How can we understand global terrorism? The most chilling explanation that I ever came across was from a former head of Pakistan’s Inter Services Intelligence, who said that terrorism “is like love; you will know when it hits you”.
On the other side is the US approach —through a “global war on terrorism” — which leaves an impression of a failure to understand its true nature. A war can be waged against an entity; but terrorism is not an entity, it’s a phenomenon.
If we look closely at the characteristics, principles and strategies of war (such as initiative, surprise, strategy of indirect approach, morale and motivation, etc) we will find advantage rests with terrorists.
This is why a seminal study at the US Army had concluded in December 2003 that, “The United States may be able to defeat, even destroy, al-Qaeda, but it cannot rid the world of terrorism, much less evil.” Nearly five years after 9/11, Osama bin Laden, the primary perpetrator of that tragedy, still roams free, and terrorism is alive and killing. And now we hear rumblings of al-Qaeda’s brand of terrorism in India.
The international community came together like never before after 9/11 to deal with the menace. Funding for terrorist groups has been controlled; intelligence sharing among nations is far better now; we are killing more terrorists in relation to the numbers they are killing across the world.
But the reality is that terrorism continues, because the tools — funds generated from narcotics trade, modern communications systems, young fighters ready to lay down their lives, etc — are far from being controlled. But what we forget is that the phenomenon in its present form and shape has taken nearly four decades to grow; and it could take as long to subside if we get the solutions right.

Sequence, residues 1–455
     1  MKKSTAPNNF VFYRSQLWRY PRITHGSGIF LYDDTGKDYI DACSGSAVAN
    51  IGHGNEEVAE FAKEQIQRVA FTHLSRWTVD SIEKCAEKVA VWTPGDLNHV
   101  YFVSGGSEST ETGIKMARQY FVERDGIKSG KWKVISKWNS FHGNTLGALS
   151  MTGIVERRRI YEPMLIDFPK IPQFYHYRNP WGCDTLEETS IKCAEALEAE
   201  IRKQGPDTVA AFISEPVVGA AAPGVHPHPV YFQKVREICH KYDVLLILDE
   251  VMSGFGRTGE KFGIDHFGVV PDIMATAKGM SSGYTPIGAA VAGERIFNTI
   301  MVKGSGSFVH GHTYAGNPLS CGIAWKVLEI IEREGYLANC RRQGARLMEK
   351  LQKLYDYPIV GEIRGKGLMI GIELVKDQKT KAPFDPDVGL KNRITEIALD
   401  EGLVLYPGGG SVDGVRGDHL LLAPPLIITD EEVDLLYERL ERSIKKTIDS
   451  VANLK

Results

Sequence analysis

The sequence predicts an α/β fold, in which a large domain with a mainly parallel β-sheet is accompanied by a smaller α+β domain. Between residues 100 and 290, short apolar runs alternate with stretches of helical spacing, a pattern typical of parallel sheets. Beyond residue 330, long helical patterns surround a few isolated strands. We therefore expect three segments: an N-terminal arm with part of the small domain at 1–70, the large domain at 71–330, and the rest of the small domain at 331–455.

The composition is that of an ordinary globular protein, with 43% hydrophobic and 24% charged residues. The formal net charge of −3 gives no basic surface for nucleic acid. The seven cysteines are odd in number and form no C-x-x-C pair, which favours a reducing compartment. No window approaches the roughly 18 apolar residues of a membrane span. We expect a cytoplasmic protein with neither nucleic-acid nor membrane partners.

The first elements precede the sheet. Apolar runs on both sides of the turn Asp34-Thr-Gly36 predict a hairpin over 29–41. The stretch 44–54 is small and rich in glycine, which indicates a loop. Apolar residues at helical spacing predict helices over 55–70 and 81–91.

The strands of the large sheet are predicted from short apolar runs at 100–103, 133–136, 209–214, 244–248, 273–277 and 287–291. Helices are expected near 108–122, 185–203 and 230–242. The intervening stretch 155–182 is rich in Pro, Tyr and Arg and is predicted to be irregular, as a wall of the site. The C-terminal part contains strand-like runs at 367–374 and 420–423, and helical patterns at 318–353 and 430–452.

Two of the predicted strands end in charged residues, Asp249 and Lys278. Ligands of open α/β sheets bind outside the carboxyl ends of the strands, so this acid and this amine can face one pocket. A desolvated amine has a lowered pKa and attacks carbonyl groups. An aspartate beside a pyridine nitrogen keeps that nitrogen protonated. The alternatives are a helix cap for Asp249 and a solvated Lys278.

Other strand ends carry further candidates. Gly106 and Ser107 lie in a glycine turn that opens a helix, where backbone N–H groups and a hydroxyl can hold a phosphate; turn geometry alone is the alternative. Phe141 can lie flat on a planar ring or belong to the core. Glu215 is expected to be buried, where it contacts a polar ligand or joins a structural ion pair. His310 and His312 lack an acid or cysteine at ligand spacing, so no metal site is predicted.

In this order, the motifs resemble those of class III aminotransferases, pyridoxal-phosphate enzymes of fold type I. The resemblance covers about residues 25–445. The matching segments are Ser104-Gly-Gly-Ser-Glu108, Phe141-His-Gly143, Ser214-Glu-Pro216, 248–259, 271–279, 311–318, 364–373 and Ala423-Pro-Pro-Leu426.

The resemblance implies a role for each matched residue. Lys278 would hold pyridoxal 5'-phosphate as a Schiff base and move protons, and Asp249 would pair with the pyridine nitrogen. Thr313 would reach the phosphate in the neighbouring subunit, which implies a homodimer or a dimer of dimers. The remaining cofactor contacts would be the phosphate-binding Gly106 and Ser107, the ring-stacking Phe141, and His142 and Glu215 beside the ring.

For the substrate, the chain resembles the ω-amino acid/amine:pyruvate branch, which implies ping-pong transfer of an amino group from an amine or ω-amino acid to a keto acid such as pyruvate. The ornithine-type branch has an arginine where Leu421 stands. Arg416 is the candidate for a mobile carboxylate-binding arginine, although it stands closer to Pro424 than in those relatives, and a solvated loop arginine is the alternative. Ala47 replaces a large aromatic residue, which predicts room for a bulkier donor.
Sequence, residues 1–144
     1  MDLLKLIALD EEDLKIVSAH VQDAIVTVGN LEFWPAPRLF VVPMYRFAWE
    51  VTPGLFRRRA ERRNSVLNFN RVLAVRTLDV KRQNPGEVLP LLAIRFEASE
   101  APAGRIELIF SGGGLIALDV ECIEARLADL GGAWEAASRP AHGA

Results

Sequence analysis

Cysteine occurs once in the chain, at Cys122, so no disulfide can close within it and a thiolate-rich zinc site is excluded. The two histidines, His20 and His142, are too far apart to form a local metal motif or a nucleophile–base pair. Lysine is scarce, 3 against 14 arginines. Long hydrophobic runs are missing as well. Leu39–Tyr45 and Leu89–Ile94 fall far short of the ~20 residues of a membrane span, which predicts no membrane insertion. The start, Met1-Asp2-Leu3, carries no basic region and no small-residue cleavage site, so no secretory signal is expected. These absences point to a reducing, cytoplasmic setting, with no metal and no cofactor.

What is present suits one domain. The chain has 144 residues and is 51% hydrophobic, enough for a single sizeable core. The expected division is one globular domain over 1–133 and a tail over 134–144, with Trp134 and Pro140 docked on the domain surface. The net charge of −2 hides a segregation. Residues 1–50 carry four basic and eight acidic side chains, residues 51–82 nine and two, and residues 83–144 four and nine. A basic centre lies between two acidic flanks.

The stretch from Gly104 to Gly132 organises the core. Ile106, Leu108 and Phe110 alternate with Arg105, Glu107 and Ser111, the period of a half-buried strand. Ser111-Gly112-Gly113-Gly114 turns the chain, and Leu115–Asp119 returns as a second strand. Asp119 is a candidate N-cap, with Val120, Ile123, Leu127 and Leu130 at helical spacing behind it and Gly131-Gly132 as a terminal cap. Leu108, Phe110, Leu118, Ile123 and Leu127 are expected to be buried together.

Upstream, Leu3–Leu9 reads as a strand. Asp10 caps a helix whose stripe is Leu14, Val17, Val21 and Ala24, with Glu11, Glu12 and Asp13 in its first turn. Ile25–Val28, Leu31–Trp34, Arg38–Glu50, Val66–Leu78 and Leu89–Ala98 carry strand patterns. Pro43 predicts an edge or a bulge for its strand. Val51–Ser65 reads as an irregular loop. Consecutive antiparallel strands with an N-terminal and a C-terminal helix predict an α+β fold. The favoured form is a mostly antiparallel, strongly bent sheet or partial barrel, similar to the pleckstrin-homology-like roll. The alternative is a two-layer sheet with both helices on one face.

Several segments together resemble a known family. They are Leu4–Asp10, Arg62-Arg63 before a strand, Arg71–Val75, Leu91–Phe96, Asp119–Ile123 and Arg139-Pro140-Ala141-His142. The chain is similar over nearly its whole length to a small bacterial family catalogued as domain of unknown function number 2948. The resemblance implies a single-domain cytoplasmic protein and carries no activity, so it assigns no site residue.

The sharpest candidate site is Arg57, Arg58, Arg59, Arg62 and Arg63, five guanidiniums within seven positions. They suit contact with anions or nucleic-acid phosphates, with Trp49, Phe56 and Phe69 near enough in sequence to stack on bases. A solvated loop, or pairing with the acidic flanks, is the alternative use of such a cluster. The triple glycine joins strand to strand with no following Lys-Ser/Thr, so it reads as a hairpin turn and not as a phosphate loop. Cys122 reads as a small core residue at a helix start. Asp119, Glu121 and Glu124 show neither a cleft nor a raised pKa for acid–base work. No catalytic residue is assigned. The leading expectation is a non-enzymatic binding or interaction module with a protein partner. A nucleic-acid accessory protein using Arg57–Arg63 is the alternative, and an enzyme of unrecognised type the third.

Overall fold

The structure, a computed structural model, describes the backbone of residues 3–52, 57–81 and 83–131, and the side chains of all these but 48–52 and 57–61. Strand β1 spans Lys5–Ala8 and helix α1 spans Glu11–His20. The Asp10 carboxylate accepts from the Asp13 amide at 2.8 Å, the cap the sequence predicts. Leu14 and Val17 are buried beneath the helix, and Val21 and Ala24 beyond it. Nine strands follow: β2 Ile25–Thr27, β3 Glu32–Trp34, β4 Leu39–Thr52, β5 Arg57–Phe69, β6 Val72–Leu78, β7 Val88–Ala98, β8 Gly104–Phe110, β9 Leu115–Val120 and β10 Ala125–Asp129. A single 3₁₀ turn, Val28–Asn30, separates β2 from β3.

At the root of the terrorism problem are two factors — global trends leading to increasing disparities and inequities between countries, among communities, and even families.
The worst affected people are the youth, whose frustrations tend to lead them more quickly to take up violence. And here lies the impact of the second factor — of radical religious ideologies that provide the motivation for resort to violence.
As it is, the youth in every generation are impatient, willing to take risks, and ready to fight and die for their ‘cause’.
It is in this context that modern terrorism, starting with the Middle East, began to change its characteristics and also move eastward. The holy war in the name of Islam became the driving ideology for use of violence to redress real and perceived grievances.
The basic problem is that use of violence against innocent civilians has been legitimised for nearly two centuries; and countries like Pakistan were more than willing to exploit its youth to undertake religious wars. By 1976, it had incorporated the term ‘jihad’ in the motto of its army.
And the generals of this army were soon (mis)interpreting the Quran to exhort their troops to use terror as an instrument of war. This is the milieu in which its attempts to destabilise Afghanistan and the Soviet underbelly in search of strategic depth led to Soviet military intervention and the war in Afghanistan.
That war was fought by mujahideen, among which Osama bin Laden cut his teeth as the organiser of religious terror.
But the world ignored the signs quite visible in the late 1980s when perceptions spread, promoted even by liberal elites, that Islamic jihad had defeated a superpower.
And since that was so, how could countries like India stand up to jihad in the name of freedom struggle? And now we face the prospect of the sole superpower bogged down in what is the Second Iraq War (since 2003) where it has not succeeded in defeating the resistance.
There is no alternative to fighting the terrorist to stabilise the security situation. But we need to look deeper for the root causes of terrorism, which is, after all, driven by ideas. Hence the struggle to counter it must be built upon ideas and beliefs which would channel the energies of the youth toward constructive growth, whether in the Naxal-dominated belt, in J&K or, for that matter, in Mumbai.
(The writer is former director, Institute of Defence Studies and Analysis and is currently director for air power studies, New Delhi)